LOS LUNAS, NM—Today Rep. Kelly Fajardo (R-Los Lunas) sent a letter to the directors of the Legislative Counsel Service (LCS) and Legislative Education Study Committee (LESC) calling on them to disclose how their agencies handled three sexual harassment complaints brought to their attention since 2013, including one involving a sitting legislator. 


Fajardo sent the letter after she was made aware of the existence of the complaints following her letter to New Mexico legislative leaders on November 24, 2017. The complaints include a detailed allegation of sexual harassment against a sitting legislator that had been emailed to LCS director Raúl Burciaga and LESC Director Rachel Gudgel in June 2016 by former LESC Deputy Director Ian Kleats 


In her letter, Fajardo wrote, “As the Legislature’s “No Harassment” policy states, all complaints of harassment made to an agency director or chief clerk will be investigated “promptly, impartially, and discreetly.” In light of this assurance, I request a complete report from each of your offices on how all three of the sexual harassment complaints described in the 12/3/17 Albuquerque Journal article were handled when they were received.” 


Fajardo also asked the directors to explain how their agencies resolved the complaints, what determinations were reached, and what protective measures, if any, were taken to prevent future incidents.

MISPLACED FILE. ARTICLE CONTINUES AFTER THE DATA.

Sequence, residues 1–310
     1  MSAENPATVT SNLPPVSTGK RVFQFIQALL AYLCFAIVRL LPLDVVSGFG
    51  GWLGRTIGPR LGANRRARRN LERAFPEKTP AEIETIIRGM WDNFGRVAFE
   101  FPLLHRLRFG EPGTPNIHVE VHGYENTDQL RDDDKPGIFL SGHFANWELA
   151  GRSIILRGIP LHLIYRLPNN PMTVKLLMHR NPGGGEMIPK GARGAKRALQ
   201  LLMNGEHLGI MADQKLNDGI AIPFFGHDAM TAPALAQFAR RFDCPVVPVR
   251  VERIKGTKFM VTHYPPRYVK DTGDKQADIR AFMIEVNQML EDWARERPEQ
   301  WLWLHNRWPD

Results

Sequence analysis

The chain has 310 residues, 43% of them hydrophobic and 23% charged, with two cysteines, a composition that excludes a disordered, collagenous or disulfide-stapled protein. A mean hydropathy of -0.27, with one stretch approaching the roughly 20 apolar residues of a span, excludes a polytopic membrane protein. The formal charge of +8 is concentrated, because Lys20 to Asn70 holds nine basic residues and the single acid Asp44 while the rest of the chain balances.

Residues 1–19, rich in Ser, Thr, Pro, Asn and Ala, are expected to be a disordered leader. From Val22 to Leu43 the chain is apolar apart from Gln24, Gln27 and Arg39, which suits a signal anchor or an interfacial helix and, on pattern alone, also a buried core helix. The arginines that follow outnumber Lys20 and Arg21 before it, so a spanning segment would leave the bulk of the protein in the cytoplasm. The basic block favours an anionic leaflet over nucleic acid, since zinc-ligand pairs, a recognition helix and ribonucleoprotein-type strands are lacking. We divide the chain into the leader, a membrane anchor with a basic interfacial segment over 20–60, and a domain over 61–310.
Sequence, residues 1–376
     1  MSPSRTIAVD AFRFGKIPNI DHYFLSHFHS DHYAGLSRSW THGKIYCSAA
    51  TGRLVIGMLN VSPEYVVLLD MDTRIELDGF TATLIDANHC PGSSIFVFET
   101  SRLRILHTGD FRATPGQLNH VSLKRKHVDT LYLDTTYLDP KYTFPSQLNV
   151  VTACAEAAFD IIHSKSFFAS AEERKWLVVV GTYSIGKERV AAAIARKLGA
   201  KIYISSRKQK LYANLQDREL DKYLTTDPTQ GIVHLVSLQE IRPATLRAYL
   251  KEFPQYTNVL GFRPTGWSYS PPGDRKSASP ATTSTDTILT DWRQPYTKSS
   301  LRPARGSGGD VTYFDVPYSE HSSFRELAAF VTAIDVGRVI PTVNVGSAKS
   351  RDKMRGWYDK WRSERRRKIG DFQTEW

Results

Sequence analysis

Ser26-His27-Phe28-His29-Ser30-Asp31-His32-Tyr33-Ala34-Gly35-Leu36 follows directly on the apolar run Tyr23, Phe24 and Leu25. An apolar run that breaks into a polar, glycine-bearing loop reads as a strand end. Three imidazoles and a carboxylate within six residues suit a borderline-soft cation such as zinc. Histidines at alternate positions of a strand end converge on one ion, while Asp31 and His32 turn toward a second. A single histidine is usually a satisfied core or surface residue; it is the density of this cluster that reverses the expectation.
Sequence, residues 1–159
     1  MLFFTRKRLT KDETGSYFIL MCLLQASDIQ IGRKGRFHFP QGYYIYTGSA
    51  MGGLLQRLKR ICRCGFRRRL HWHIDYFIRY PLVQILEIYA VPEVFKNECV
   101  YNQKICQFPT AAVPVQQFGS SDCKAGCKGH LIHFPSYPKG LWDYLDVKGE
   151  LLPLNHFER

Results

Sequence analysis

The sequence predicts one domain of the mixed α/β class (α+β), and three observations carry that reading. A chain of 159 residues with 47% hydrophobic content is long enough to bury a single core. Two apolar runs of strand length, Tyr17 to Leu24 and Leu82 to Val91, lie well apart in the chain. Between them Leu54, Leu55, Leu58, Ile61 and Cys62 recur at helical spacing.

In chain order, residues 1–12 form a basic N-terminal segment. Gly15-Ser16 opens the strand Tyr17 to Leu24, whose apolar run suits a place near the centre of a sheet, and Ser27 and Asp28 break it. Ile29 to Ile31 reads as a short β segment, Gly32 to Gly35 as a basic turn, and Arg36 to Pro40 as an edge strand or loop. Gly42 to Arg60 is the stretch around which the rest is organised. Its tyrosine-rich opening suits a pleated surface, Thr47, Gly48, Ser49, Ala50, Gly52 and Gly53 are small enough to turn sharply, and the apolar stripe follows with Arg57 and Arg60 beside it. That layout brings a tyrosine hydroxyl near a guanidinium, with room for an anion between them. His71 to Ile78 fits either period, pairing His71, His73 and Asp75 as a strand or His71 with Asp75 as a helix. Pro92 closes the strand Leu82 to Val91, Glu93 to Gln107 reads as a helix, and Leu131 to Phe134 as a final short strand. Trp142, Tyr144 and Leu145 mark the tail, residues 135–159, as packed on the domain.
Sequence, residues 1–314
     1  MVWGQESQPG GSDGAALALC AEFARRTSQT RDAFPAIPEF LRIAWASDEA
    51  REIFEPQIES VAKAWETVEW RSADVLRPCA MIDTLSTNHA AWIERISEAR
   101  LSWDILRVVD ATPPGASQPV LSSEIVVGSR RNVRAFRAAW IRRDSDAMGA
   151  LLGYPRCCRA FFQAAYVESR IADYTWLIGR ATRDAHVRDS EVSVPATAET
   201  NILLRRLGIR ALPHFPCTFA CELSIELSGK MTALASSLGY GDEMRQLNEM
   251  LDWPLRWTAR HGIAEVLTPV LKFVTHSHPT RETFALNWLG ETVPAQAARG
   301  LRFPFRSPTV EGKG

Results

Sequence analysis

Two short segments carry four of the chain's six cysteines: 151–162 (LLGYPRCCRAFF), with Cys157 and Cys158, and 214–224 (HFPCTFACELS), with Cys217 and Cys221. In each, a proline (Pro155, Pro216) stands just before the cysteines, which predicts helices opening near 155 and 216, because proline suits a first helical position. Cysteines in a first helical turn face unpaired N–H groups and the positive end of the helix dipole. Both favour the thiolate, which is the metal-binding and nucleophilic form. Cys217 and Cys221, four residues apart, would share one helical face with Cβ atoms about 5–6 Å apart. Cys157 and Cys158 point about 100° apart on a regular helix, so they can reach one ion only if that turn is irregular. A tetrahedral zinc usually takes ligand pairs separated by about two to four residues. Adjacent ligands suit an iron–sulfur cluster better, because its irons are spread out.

Fajardo made the following statement after sending her request to the agency directors: 


“Recently, there has been some confusion about whether the Legislature has received any sexual harassment complaints. However, the 12/3/17 Albuquerque Journal article states that the LCS was aware of at least two complaints against employees as well as another detailed, credible report of improper behavior by a member of the Legislature. Clearly, there has been a breakdown in the system, and I am troubled that complaints may have been filed but not pursued. I want a detailed accounting of how these complaints were handled so we can evaluate the weaknesses of our current process and make the appropriate changes.  


“We must have a system of due process that holds wrongdoers accountable as well as exonerates those wrongly accused. Right now, individuals have no faith that their complaints will be handled fairly. Without an objective process, we risk creating a ‘witch hunt’ environment where cases are aired in the court of public opinion. No one gains from that situation. 


“Strong policies and procedures will protect the rights of all parties and establish clear rules for everyone to follow, but we also need public officials that are willing to enforce these policies consistently. Establishing this system of due process is my ultimate goal.”